It’s not uncommon for some people, particularly older adults, to experience a decline in their physical or cognitive abilities. When a person’s condition progresses beyond a certain point, he often requires some assistance from friends or loved ones. By executing an advance health care directive, a durable power of attorney, or a trust, the older adult can delegate to others the legal authority to provide such assistance. But, if the adult no longer has the capacity to execute such documents, or if he needs additional protection, a guardianship may be necessary.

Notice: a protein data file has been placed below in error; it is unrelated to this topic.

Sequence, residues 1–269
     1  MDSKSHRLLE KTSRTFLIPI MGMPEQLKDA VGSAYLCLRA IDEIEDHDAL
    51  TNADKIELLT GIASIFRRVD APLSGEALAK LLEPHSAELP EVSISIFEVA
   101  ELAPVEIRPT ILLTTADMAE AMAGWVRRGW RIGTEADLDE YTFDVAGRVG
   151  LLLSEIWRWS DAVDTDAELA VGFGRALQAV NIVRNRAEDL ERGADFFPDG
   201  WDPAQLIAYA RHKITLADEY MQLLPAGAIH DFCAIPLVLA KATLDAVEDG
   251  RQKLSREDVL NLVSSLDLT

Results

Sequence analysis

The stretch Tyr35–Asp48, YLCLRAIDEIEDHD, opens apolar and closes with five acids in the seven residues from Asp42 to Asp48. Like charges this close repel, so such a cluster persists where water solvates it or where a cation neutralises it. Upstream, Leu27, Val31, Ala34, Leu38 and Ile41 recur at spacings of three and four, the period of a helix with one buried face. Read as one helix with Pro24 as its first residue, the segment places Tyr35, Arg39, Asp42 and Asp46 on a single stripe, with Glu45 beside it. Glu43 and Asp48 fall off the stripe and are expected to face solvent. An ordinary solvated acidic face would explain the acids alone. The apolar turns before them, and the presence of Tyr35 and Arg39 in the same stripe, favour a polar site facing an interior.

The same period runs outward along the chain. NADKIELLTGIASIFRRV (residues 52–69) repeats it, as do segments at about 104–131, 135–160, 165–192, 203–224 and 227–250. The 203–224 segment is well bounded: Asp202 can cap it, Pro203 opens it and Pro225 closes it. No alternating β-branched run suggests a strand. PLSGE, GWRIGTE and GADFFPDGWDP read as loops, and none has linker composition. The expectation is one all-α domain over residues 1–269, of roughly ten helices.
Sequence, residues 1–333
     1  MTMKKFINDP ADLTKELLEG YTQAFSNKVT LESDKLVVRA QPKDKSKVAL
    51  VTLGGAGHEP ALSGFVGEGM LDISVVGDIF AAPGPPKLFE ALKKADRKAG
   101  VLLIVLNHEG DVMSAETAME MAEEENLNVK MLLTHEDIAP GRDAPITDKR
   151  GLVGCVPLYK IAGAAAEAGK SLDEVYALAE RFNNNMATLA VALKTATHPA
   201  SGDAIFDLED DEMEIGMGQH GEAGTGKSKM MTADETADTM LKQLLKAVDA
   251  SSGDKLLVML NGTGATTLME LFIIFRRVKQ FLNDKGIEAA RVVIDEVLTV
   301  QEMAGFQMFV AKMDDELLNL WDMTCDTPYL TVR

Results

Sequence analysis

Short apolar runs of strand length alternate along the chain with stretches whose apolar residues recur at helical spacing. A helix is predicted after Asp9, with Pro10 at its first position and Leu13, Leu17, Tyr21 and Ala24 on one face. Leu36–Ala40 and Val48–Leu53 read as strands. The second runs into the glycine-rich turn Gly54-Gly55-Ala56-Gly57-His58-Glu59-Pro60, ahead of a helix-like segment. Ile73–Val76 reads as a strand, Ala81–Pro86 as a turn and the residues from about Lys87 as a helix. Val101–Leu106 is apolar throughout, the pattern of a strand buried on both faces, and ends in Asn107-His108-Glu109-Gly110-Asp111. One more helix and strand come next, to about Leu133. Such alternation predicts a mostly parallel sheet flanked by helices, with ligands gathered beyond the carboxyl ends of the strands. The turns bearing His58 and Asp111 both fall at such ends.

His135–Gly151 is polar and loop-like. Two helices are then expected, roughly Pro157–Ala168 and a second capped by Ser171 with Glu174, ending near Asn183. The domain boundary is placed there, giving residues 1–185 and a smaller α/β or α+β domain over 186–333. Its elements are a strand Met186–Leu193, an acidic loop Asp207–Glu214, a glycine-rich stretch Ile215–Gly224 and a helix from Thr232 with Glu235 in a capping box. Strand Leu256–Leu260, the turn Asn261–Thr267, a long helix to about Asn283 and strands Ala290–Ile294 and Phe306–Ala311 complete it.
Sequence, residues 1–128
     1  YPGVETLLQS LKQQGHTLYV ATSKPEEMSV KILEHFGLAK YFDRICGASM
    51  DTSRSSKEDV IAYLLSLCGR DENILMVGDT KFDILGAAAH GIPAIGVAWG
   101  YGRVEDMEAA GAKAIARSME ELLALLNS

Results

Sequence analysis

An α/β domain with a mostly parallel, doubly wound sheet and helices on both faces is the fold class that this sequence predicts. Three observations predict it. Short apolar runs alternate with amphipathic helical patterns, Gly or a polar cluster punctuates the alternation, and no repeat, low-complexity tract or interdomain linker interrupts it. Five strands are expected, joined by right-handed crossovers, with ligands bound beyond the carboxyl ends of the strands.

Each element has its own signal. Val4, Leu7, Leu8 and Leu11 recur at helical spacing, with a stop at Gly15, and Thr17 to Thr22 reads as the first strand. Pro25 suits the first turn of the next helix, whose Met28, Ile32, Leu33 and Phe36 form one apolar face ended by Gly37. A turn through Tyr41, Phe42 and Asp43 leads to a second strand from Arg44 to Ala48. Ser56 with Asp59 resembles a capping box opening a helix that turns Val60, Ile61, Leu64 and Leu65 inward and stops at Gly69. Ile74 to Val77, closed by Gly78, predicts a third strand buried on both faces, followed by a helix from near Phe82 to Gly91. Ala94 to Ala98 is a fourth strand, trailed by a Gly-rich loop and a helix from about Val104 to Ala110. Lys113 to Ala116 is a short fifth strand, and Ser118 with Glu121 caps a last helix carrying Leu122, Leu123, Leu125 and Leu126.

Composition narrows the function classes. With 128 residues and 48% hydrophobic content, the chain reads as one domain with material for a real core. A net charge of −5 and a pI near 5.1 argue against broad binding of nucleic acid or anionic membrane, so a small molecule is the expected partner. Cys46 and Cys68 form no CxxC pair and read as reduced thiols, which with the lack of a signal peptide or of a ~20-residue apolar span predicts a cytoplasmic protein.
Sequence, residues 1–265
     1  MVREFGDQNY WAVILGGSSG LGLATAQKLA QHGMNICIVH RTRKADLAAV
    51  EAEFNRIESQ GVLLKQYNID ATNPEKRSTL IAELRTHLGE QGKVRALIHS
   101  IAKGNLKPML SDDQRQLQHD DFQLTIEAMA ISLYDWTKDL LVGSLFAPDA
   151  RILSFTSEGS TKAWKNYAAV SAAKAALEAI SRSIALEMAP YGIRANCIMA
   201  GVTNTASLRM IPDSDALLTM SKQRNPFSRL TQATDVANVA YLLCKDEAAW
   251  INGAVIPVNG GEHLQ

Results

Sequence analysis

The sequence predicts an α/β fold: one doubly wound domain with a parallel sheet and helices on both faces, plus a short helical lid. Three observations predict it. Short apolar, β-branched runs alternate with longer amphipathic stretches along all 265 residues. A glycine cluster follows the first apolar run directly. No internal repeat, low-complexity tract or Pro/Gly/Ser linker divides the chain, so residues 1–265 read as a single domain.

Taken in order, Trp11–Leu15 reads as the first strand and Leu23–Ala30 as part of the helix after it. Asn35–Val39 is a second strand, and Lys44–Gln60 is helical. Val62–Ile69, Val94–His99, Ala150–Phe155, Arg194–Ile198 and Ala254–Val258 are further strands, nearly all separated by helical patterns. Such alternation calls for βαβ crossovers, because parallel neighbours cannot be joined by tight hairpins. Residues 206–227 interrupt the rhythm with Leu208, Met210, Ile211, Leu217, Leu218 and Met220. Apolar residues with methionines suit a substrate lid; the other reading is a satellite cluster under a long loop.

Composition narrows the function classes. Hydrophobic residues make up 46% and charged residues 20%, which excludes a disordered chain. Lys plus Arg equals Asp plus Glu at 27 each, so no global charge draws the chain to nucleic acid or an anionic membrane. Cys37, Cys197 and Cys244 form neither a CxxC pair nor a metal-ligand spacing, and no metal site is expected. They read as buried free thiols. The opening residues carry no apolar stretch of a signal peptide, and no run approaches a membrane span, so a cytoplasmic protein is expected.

In a guardianship, the court will remove one or more rights from an incapacitated person and delegate some or all of the removed rights to another person, the guardian, to exercise on behalf of the person under guardianship. First, the court must determine whether the person is incapacitated; that is, he lacks the ability to meet at least some of his essential health and safety requirements or manage at least some of his property. Then, if the person is deemed to be incapacitated, the court appoints a guardian to exercise only those rights necessary to protect the incapacitated person. To learn more about protecting adults with diminished capacity, contact McDannold Law today.